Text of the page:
COVID-19 Palliative Care Symptom Management Tool Kit for aged residential care
The following Tool Kit contains resources and Information that may be helpful when caring for those who have developed symptoms of COVID-19 and are residing in Aged Residential Care facilities (ARC).
The symptoms of COVID-19 include a fever of at least 38°C, cough and shortness of breath. The symptoms are similar to other illnesses that are much more common, such as colds and flu. It can then rapidly progress to severe illness, including pneumonia and respiratory failure (WHO, 2020).
Older adults and adults with chronic illness (such as COPD, heart failure) are at particular risk. International experience indicates that the older person with COVID-19 can deteriorate quickly and they are the population group most likely to die from COVID-19 (WHO, 2020, www.covid19.govt.nz). They may die from COVID-19, or be dying from other causes while infected with COVID-19.
Please refer to the latest information accessible via:
This information is changing daily.
Palliative Care Tool Kit
Quality palliative care is a basic human right.
Key care requirements:
Resident Goals of Care:
It is important that services working with elderly, frail, or terminally ill residents be prepared and know in advance the goals of care for each of their residents. Residents and family and whānau need to be fully involved in these discussions. Discussions need to identify those residents who do not want active life prolonging intervention. Discussions also need to include communication around possible ICUs declining admission even for some residents who would choose to have active treatment. Below is a link to conversations that may help identify Goals of Care.
Advance Care Planning Discussions:
Many residents will have had these discussions already and may have already completed ACPs. It is essential that these are reviewed and kept up to date, and that outcomes of discussions are clearly documented and included within care plans. All staff and primary care teams need to be aware of these plans and have access to them.
Communication is the most important therapeutic intervention at this time. Communication with and between the resident, family and whānau and the health care team (primary care, specialist palliative care team) is key to supporting the resident.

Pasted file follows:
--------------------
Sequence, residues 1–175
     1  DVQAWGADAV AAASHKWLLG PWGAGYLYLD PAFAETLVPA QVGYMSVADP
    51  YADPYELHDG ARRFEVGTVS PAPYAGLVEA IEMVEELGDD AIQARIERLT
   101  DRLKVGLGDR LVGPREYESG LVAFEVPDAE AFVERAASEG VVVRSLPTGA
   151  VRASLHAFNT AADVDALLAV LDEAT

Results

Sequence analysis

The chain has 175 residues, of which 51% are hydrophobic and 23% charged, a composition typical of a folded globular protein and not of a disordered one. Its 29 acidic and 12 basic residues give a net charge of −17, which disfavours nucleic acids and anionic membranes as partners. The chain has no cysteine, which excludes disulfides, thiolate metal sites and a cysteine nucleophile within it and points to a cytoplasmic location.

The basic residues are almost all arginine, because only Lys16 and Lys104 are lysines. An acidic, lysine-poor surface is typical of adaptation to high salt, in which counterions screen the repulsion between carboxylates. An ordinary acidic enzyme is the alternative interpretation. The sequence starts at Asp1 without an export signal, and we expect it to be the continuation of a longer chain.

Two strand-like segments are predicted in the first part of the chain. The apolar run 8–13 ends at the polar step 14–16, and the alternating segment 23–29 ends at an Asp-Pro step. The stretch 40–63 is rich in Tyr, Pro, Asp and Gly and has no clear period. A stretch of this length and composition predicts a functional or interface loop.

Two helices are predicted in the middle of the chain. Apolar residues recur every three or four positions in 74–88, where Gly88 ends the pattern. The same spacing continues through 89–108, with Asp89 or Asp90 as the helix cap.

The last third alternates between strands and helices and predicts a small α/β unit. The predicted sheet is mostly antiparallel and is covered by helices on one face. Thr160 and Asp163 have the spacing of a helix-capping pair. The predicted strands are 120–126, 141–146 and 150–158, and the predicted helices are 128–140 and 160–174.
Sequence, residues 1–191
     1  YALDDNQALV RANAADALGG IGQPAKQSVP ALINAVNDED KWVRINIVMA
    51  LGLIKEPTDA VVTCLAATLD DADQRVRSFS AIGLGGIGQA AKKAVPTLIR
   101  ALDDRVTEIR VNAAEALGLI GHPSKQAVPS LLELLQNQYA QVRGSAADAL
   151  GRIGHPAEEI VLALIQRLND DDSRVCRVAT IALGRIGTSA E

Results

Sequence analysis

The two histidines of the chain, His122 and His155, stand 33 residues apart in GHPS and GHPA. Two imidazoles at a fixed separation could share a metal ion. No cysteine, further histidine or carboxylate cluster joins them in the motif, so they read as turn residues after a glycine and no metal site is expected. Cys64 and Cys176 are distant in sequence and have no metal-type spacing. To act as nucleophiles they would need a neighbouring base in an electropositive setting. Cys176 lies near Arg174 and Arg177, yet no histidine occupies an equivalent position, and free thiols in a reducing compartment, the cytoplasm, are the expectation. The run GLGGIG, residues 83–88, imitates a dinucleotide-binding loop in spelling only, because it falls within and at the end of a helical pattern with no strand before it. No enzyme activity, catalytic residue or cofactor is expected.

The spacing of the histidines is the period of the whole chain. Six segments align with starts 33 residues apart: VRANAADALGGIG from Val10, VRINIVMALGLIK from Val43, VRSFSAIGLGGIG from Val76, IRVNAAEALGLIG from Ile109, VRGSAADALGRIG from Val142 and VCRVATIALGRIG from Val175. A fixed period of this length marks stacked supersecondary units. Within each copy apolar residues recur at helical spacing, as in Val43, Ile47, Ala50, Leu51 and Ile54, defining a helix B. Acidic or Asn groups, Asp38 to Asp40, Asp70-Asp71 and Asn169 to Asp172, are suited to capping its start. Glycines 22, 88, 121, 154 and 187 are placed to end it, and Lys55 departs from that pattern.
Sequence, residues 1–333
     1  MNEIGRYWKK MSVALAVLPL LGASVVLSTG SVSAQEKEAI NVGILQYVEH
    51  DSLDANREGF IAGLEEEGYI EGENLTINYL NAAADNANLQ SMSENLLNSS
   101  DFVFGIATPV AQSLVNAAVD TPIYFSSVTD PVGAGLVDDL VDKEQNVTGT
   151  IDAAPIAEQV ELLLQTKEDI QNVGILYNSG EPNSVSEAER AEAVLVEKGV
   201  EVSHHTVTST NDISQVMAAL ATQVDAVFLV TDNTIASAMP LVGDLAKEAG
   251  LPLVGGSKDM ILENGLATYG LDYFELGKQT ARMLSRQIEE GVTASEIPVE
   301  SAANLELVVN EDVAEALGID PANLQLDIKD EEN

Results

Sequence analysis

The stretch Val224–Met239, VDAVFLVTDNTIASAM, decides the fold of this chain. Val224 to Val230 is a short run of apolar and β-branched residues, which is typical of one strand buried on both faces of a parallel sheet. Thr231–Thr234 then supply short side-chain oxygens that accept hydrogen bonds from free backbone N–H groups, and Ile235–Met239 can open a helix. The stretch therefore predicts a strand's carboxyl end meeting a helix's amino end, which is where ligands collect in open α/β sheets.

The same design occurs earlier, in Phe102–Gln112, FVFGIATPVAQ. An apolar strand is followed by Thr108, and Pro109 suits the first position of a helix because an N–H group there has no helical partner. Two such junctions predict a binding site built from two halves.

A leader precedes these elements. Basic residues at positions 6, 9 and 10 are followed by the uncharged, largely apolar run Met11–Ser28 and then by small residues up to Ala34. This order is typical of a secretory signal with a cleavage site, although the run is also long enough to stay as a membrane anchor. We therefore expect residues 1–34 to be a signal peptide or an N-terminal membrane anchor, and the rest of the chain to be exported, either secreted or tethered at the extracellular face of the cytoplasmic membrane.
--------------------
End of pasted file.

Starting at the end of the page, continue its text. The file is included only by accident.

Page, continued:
While residents with Covid-19 will be in isolation, promoting human connectedness and communication with their loved ones and significant others will be essential. Significant numbers of residents are unlikely to have physical contact from their families, who may be living out of the region and developing alternative ways of communicating will be essential.
Symptom management including end of life
Physical resources required for caring for residents with COVID-19:
PRN medications for end of life:
Respiratory Tract Secretions:
Restlessness and Agitation:
- COVID-19 Terminal Restlessness and Agitation Fact Sheet
- Terminal Restlessness and Agitation: Medication Management
Last Days of Life:
It is expected that older people who have been positively identified as having COVID-19 may deteriorate quickly. Identifying last days of life may be difficult. As with anyone who is recognised as entering their last days this is an interdisciplinary decision and communication with the lead health provider GP/NP, nurses and family and Whānau is essential.
- Last Days of Life Care Plan
- Last Days of Life Care Plan – Ongoing Assessment of Care
- Last Days of Life Care Plan – Progress Notes
- Last Days of Life Care Plan – Interventions Required
- What to Expect When Someone is Dying
After Death Care and other Resources:
Most residents will remain within their facility and a dedicated supportive environment for those who are dying is essential.
Caring for those who have died with COVID-19 remains the same as those who die from non-infectious diseases. The deceased person does not need specific after death care requirements such as special infectious diseases precautions (water proof bagging).
- After Death Care
- Implantable Cardioverter Defibrillators Management
- Funeral Directors Association
- Funeral and tangihanga guidelines
- When no funeral or tangi can be held
Isolation protocols, and social and emotional isolation from family and friends will have an impact on bereavement support. Connecting with spiritual support workers via virtual medium such as zoom, messenger, skype, telephone etc will help with connectedness.